Accurate, low-altitude weather forecasting has been a challenge for drone operators, balloon pilots, agricultural applicators, and other low-altitude aviators for years. The biggest problem is a lack of reporting stations (automated or otherwise) that capture weather information and feed prediction models. That lack of data also affects the rest of aviation, including airline and general aviation operators who must make decisions based on a less-than-perfect understanding of the atmosphere.
“This is what we refer to as a data desert.” TruWeather CEO, Don Berchoff said. “Up to 40 [percent] of crewed aviation flights that are either canceled or delayed due to weather could have flown. Even higher scrub rates will occur for UAS’ flying beyond-visual-line-of-sight, with no pilot on board to spot problems, unless the surface and low altitude weather measurement gap can be closed… That’s where additional weather sensors come into play.”
The pair plan to integrate TruWeather’s weather sensors into Iris Automation’s camera-based passive detection ground network dubbed Casia G. A network of Casia G devices (consisting of cameras connected to computers programmed to recognize, identify, and track objects in the camera's view) covering a larger area becomes part of a “a ground-based detect and avoid solution."
Iris Automation explained the ground-based Casia system "leverages the same artificial intelligence and computer vision technology used in the company’s Casia series of onboard integrated systems" that use arrays of cameras to monitor airspace around an aircraft in all directions. "The Casia product line provides unparalleled situational awareness for intelligent decision-making, including alerts and manual or autonomous collision avoidance.”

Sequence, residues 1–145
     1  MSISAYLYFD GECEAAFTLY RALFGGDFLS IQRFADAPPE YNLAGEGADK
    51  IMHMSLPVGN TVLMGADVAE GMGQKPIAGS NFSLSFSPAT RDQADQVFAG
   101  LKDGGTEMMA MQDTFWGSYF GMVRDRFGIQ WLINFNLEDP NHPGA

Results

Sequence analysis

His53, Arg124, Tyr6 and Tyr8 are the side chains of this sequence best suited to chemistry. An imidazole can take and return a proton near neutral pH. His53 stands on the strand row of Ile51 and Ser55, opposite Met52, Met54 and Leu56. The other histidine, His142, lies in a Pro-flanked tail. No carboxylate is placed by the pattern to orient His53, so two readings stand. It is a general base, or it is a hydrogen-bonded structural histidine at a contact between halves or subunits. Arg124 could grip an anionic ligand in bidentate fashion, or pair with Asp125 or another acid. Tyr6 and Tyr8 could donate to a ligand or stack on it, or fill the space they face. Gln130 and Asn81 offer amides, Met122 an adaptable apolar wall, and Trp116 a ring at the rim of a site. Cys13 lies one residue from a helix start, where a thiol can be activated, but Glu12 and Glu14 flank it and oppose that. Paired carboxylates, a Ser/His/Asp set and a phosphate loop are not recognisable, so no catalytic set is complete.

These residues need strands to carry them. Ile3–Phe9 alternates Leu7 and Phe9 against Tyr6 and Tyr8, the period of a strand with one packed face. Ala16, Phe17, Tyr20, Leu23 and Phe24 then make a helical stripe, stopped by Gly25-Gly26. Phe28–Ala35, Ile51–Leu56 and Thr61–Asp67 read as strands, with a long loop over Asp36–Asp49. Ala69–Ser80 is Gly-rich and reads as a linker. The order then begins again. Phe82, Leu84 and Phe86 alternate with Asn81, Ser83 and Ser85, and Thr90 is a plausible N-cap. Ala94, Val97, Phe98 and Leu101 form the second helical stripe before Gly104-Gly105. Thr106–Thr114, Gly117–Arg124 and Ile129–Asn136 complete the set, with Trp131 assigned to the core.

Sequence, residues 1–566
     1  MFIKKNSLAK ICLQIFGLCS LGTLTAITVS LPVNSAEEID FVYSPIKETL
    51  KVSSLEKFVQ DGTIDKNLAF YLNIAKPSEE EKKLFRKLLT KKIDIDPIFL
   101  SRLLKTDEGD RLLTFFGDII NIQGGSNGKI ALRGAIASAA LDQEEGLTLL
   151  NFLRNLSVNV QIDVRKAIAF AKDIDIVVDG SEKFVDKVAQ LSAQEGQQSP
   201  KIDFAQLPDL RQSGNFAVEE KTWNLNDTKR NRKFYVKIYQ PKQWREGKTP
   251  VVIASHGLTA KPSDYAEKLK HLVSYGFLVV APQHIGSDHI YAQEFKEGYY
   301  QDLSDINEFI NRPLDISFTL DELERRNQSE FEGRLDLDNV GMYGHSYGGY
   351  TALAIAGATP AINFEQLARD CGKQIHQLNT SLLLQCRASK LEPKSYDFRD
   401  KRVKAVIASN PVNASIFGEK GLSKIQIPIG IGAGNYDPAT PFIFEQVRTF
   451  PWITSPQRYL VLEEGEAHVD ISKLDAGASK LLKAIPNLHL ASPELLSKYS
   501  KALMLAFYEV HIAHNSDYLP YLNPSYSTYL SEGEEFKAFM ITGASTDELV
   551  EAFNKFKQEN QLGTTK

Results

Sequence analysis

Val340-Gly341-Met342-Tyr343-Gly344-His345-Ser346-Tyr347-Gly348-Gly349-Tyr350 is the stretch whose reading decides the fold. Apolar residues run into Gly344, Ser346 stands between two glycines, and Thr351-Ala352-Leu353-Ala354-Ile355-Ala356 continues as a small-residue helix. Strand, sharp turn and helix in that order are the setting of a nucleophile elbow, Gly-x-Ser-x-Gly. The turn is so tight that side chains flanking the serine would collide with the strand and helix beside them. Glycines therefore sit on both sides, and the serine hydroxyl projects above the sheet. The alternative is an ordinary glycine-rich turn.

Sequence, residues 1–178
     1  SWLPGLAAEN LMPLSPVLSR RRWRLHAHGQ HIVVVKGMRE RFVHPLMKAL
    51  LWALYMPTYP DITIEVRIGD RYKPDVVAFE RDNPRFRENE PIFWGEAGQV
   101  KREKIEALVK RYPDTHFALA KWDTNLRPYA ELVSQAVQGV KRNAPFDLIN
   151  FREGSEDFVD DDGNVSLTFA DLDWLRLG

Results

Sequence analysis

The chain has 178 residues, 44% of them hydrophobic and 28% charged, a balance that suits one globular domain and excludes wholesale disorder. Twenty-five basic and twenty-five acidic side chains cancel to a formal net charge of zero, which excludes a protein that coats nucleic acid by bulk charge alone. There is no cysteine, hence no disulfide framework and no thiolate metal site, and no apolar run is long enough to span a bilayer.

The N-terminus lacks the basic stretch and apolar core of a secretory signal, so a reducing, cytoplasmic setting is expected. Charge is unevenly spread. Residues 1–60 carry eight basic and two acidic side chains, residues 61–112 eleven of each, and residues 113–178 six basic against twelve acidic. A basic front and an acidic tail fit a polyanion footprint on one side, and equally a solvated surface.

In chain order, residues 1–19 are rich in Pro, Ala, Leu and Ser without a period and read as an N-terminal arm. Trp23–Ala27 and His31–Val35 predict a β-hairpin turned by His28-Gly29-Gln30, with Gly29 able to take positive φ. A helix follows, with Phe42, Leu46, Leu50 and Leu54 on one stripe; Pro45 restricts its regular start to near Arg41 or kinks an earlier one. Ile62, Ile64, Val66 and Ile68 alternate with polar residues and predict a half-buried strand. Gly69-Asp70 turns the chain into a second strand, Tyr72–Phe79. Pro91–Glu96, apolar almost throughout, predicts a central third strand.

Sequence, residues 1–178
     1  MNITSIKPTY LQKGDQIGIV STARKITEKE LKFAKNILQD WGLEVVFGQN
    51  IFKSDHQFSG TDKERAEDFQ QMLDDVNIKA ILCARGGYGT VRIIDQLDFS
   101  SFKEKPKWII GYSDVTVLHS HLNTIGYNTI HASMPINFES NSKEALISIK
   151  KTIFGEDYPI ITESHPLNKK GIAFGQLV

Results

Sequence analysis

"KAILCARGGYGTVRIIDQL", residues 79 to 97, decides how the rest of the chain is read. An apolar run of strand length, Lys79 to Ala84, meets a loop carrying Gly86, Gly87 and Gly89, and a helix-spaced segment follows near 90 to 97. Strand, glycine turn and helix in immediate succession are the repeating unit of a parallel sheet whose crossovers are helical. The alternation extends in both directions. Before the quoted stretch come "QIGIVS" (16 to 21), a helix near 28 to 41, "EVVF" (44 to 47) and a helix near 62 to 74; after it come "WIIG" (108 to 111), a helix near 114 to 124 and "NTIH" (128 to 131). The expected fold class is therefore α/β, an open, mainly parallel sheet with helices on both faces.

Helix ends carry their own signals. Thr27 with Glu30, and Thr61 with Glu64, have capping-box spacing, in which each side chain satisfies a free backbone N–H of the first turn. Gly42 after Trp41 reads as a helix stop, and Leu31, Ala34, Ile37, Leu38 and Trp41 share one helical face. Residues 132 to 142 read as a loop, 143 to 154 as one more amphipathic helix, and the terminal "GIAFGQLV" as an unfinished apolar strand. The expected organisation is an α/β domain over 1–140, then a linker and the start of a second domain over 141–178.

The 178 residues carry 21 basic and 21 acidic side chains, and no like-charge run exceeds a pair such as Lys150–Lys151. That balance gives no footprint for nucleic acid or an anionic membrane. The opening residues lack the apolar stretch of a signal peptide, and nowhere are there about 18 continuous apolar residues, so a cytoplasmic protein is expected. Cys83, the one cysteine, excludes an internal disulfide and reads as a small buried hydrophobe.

Lori DeMatteis, vice president of sales, marketing and customer success at Iris Automation said in the press release that the ground-based network will help drive the expansion of drone operations beyond visual line of sight, or BVLOS, "offering clients immediate value to ensure operational safety, and rapidly changing climate information for emergency preparedness activities, ensuring both public and personnel safety.”
The FAA currently approves BVLOS operations by uncrewed aircraft on a case-by-case basis with waivers, though many in the industry hope future rule changes will allow such operations to be conducted at scale.